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Wednesday, 16 May 1973
Page: 2168

Mr BERINSON (PERTH, WESTERN AUSTRALIA) - I direct a question to the Minister for Housing. Is it a fact that legal and other overhead charges on housing loans by building societies are often $200 or more above the charges on identical loans by banks? If so, what is the justification for the higher charges by the building societies? If there is no adequate justification for their level, will the Minister, if necessary in cooperation with the States, seek to have them reduced?

Mr Les Johnson (HUGHES, NEW SOUTH WALES) - I think that what the honourable gentleman suggests is the fact, although I am unable to confirm it. Suggestions along those lines have been made to me by other honourable members. The control of building societies is, of course, a matter for the States and I am pleased that included in the honourable member's question was the suggestion that if anything is to be done, even the matter of looking at this whole problem, it should be done in co-operation with the States. Quite frankly, there are many aspects of building society administration which are receiving my own personal attention and that of my Department. I am pleased to see that the Prime Minister, as late as yesterday, has given some manifestation of his own interest in the activities of building societies.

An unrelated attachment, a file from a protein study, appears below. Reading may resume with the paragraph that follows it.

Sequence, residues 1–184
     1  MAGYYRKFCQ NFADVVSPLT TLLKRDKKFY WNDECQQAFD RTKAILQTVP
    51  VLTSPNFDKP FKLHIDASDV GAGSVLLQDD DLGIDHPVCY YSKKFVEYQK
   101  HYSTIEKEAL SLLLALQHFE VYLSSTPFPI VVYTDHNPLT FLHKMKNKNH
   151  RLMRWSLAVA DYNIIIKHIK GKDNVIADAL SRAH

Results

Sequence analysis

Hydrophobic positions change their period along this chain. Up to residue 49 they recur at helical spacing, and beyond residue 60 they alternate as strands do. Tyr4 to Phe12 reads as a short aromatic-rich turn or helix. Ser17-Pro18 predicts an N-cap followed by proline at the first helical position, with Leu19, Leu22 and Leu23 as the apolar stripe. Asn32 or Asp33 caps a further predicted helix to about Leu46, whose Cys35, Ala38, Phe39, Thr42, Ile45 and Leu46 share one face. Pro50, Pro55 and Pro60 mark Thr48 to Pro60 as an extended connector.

I believe that the building society movement generally is of such significance and is such an important structure in the home financing processes that it would be indiscreet to make what could be thought to be impetuous comments about even the kind of matter to which the honourable member has referred, let alone more significant matters. Yet permanent building societies, lending matters generally and, for my own part, all those matters which are significant in the housing arrangements that we have in this country, are not taken for granted, will not be taken for granted and will be the subject of careful scrutiny. The matters referred to are not of an unimportant nature, but they do not represent the most significant matters which could be inquired into so far as building societies are concerned. I believe that the time might come when the Parliament could have a general feeling of acquiescence about the need to set up proper processes whereby the matter referred to and a lot of other associated matters could come under very careful scrutiny.

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